Mass Spectrometry of Intact Glycoproteins
Most high-performance mass spectrometers are now capable of resolving gly- coforms of glycoproteins of considerable molecular weight, provided that the number of glycosylation sites is limited. Thus, for example, Thompson et al. have resolved glycoforms of half antibodies using an orbitrap-based instrument (m/z of the 18+ charge state in the region of 4.2 kDa) , and the same group have resolved 49 glycoforms of chicken ovalbumin using similar detection . Differences in measured mass and that of the protein can give an indication of the glycans present. More complex glycoproteins usually give unresolved broad mass peaks, particularly by matrix-assisted laser desorption/ ionization (MALDI), and further analysis requires either proteolysis or removal of the intact carbohydrates.
Site analysis involves the determination of the glycan occupancy at each consensus sequence site; several methods are available. Usually, the protein is digested with a protease such as trypsin, which cleaves peptide bonds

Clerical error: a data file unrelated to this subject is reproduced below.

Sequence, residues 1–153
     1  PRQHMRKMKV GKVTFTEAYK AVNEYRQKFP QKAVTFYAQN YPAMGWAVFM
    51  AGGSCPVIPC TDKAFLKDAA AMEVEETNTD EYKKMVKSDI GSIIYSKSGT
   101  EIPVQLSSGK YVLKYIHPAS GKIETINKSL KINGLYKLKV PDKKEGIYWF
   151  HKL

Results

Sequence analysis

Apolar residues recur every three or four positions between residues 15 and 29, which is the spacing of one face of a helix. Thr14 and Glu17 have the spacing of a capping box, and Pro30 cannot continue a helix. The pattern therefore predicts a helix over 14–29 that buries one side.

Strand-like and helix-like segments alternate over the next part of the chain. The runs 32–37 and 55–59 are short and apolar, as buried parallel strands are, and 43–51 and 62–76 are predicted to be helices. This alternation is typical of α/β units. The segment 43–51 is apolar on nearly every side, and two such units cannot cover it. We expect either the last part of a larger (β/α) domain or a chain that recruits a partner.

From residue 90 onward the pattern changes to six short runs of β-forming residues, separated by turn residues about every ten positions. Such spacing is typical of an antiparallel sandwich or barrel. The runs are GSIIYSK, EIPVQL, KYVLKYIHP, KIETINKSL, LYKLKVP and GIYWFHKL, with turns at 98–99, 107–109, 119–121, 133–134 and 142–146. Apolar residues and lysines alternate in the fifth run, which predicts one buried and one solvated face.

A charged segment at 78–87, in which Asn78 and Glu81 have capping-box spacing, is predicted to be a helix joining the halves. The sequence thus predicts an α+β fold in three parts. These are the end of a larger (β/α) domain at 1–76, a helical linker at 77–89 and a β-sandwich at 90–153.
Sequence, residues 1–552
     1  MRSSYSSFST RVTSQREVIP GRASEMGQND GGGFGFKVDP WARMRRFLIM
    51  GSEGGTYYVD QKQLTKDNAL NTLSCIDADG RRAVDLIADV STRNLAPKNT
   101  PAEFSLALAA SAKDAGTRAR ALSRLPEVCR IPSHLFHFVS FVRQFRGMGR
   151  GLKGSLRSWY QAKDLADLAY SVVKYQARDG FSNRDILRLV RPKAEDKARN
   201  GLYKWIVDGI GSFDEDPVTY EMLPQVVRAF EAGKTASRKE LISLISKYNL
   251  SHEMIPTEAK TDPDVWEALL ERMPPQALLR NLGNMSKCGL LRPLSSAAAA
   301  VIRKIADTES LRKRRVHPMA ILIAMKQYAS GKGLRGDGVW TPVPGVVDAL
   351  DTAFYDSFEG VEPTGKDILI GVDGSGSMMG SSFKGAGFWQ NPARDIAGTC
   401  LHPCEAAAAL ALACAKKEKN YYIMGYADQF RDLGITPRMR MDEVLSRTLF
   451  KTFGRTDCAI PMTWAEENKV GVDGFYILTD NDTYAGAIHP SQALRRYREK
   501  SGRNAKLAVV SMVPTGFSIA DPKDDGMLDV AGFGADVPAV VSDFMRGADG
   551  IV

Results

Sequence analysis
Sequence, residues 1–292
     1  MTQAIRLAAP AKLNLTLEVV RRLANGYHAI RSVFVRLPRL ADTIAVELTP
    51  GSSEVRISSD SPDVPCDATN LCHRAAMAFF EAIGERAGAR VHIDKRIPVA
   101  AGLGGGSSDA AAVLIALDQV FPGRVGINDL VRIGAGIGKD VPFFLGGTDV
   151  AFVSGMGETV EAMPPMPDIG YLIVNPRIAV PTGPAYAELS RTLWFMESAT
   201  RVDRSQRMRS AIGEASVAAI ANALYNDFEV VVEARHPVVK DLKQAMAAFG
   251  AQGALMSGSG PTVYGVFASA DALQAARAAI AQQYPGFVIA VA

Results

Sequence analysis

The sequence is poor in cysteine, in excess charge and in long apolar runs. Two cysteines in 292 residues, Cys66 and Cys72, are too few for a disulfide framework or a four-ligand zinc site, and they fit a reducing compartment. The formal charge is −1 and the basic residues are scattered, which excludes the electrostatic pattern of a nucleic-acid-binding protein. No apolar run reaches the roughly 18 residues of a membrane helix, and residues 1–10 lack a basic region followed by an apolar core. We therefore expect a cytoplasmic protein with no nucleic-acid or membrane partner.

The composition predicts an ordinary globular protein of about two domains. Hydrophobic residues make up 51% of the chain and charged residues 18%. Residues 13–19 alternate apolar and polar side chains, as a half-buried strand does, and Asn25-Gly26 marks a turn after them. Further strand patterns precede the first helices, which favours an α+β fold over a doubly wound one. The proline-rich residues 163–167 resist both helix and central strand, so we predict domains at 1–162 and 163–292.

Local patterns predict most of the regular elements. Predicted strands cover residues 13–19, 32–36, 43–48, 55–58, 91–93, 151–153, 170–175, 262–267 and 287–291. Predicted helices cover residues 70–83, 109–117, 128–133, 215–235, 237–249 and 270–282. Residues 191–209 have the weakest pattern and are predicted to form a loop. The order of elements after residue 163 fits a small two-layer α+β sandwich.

C-terminal to lysine and arginine leaving an amino group (basic) at each terminus, thus promoting the formation of doubly charged ions by mass spectrometry (MS). The idea is to isolate each glycosylation site to a different glycopeptide with analysis usually by liquid chromatography/mass spectrometry (LC/MS). Missed cleavages are common, particularly when the cleavage site is near a glycan, and some proteins such as a1-acid glycoprotein  are difficult to digest. However, the use of a new surfactant “RapiGest SFTM” greatly aids digestion as does the use of a microwave oven . Problems arise when it is not possible to produce peptides containing only one glycosylation site and when the peptides are too large for efficient mass spectral analysis. Other proteases are available but are not used as frequently. The most common are Glu-C, which cleaves peptide bonds C-terminal to aspartic or glutamic acids; Lys-C, which cleaves C-terminal to lysine; and Arg-C, which cleaves C-terminal to arginine.